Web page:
Teeing up for the future

Teeing up for the futureby Enrico Villamaino

“Waste not, want not.” It’s a well-known proverb. Although the origins of this expression date back to the late 18th century, it became far more popular and saw more everyday use after being a featured line in the hit 1930s film “Topper Takes a Trip.”

It means the less we waste, the less we lack in the future. This is sound advice for any business. It is exemplified by the ingenuity of those at Rider’s Backfield Farm Beef. At Rider’s, they turn what most see as overabundance into pure profit.

Located in the heart of the Blue Ridge Mountains in Etlan, VA, Rider’s is owned and operated by Robin and Jimmy Rider. Jimmy is a sixth generation farmer whose family came from Scotland in the late 1770s and settled in Madison County, VA, three miles from the present farm’s location. For generations, they were primarily subsistence farmers, with Jimmy’s fourth-great-grandfather known as a local “hog baron.” In addition to being a born-and-bred farmer, Jimmy also brings his past experience as a carpenter and as a foreman with a large construction firm into service at Rider’s.

Robin’s family is no less pedigreed. Her family tree goes back to 15th century England and then on to New England. In addition to working at Rider’s, Robin works as a nurse practitioner.

Robin and Jimmy were married in 1982 and took ownership of Rider’s from Jimmy’s family in 2001. The farm itself sits on 27 acres, but Robin and Jimmy lease 75 adjoining acres on which to tend their herd. The herd itself consists on average of 50 cows.

“Our beef is raised ‘pharmaceutically clean,’” said Robin, “in that we don’t feed antibiotics nor implant or feed hormones to our beef. In addition, we do not apply biosolids or sludge to our pastures or to those that we lease and manage. Our beef is always on green grass pastures and are never confined in a feedlot, even to finishing. We follow rotational grazing practices and move our steers as the grass allows and per the season, using polywire techniques or from field to field. Our steers do receive a very small ration of custom mixed dry grain for daily consumption to ensure tenderness and tastiness at the finishing stage. The ration does not consist of fermented or soy products. The amount of dry grain they receive is really a minor part of our beef’s diet. We call it their dessert and the look on their faces while they eat is just like watching someone eat ice cream on a hot day in July.”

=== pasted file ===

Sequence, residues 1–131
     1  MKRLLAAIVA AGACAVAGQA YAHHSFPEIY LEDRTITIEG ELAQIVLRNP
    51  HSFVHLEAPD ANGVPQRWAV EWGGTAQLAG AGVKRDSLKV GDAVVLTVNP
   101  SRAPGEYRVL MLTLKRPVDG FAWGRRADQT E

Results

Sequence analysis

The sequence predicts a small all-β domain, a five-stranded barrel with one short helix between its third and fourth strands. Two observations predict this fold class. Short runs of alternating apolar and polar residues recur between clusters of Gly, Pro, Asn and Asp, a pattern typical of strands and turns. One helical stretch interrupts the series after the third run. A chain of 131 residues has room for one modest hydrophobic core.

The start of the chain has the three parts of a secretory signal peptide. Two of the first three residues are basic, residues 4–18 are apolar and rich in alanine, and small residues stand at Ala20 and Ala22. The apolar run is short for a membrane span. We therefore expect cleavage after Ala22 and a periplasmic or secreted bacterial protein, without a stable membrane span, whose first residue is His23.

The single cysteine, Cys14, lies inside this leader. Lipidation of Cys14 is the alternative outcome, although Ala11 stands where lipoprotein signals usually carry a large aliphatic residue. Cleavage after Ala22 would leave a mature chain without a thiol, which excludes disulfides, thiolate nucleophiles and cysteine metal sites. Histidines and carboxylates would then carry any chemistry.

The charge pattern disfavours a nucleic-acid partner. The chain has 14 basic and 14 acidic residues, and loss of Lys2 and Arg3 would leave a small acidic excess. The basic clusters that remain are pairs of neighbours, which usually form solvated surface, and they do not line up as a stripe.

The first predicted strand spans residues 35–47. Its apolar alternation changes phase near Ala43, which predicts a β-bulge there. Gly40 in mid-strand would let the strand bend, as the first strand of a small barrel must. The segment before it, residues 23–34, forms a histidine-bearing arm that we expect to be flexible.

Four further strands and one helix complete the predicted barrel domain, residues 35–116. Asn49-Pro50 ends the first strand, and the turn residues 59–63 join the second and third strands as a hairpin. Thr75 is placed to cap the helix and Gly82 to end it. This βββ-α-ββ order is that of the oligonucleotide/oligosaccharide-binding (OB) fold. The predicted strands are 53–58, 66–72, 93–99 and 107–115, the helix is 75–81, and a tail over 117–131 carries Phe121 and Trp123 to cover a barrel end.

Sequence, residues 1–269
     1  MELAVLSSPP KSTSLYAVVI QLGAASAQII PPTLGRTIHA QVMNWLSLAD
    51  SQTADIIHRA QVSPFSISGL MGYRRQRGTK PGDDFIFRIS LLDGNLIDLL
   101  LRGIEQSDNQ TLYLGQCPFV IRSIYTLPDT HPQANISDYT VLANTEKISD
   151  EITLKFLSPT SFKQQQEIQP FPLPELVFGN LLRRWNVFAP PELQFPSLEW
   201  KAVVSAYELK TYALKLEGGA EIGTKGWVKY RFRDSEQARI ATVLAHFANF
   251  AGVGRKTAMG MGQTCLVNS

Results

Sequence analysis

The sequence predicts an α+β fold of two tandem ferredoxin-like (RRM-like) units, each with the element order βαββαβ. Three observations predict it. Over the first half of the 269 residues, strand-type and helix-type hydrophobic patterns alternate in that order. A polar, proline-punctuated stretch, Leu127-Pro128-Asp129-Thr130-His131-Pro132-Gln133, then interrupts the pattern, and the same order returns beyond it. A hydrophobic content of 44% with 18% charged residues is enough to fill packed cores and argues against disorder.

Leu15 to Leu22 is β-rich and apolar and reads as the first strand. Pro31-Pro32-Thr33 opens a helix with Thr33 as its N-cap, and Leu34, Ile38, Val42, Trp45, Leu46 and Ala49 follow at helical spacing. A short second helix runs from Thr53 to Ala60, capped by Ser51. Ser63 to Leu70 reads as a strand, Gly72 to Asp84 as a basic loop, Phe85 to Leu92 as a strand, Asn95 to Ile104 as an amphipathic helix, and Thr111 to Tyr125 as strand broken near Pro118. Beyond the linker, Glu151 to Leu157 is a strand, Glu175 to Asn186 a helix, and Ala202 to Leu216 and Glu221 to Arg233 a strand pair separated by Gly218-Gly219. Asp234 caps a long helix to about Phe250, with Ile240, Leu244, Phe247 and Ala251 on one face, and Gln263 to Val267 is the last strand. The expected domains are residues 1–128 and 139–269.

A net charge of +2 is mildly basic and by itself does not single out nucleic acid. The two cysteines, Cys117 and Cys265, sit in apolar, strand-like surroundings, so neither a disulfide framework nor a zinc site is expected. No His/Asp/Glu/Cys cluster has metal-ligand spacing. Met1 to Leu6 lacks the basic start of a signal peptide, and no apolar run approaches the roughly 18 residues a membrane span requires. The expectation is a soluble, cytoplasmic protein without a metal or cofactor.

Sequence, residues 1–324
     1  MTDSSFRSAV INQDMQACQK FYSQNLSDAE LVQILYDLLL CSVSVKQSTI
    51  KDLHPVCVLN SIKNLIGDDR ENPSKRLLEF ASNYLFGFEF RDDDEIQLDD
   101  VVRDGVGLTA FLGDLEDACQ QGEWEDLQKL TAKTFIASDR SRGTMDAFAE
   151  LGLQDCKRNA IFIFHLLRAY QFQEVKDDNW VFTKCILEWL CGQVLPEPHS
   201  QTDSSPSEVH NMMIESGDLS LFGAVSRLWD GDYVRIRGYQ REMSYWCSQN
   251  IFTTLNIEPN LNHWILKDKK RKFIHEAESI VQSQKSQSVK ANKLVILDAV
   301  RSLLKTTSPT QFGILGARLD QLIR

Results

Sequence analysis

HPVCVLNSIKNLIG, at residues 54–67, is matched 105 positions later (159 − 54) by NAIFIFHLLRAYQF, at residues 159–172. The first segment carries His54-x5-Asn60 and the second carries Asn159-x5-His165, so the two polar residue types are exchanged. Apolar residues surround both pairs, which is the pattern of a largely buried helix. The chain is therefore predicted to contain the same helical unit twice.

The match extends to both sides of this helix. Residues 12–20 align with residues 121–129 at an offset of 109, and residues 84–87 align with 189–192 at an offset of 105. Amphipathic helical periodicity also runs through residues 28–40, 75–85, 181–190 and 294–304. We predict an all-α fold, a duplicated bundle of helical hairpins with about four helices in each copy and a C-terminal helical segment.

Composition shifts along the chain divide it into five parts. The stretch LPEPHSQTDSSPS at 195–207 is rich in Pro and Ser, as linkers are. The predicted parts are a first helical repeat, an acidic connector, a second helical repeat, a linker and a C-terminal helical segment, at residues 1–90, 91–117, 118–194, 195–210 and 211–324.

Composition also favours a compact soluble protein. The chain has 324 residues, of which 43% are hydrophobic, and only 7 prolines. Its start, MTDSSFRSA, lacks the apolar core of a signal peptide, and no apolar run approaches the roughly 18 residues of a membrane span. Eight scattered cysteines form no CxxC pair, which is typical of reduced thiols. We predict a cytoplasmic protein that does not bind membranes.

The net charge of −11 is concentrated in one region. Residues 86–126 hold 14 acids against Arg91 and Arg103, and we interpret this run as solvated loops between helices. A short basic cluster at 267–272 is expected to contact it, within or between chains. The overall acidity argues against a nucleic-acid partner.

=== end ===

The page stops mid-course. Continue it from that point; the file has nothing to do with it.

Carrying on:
Rider’s beef is a top draw at weekly farmers markets throughout Madison County. For the past five years Rider’s beef has been sold at the Old Country Store, a shop run by a Mennonite congregation in Culpeper, VA. In addition, Robin’s brother Allan Clark owns and operates his own farm, Thornton River Orchard and Market, just outside of Washington, D.C. Allan brings his sister’s beef products to farmers markets in the capital city area regularly.

Robin and Jimmy are very proud of the fact that they were one of just two farms that, between 2012 and 2013, shipped beef directly to U.S. troops in Afghanistan. “There was a physician from California,” she said. “He and his surfing buddy both served in the military reserves as surgeons. This doctor had had our beef before and liked it very much. When they were both activated and deployed overseas, these doctors arranged for us to ship our beef, mostly our kielbasa and bratwurst grillers, straight to them.”

As for how Rider’s wastes not and wants not? In a word – soap.

“We always had all this leftover beef tallow at season’s end,” Robin explained. “We process 40 to 48 steers a season – that’s a lot of leftover fat from the herd. I just thought ‘Why are we letting all this go to waste?’ There had to be some way to use it.” Robin began using the tallow to start her increasingly popular all-natural line of soap.

“Our soap is gentle enough for your newborn and your grandmother. Our soap is as natural as it gets with our beef tallow (which we render), olive and organic hemp oil and essential oils for fragrance,” she said. “We’ve found that the lavender in particular is the most popular option with men. Jimmy uses it not only for washing, but also for shampooing and shaving.” Rider’s soaps have become a much valued source of revenue for the farm.

While many farms are looking toward growing their enterprises in the seasons to come, Robin and Jimmy are sanguine about their future, and are looking to keep things simple, with an emphasis on perfection over expansion.

“We want to have everything set up in just such a way that, when we’re 75, we’ll still be able to handle everything. We love what we do, and we want to keep on doing it for as long as we can,” Robin said.

For more information, visit RidersBackfieldFarmBeef.com.

2020-01-08T16:24:07-05:00January 8, 2020|Mid Atlantic|0 Comments

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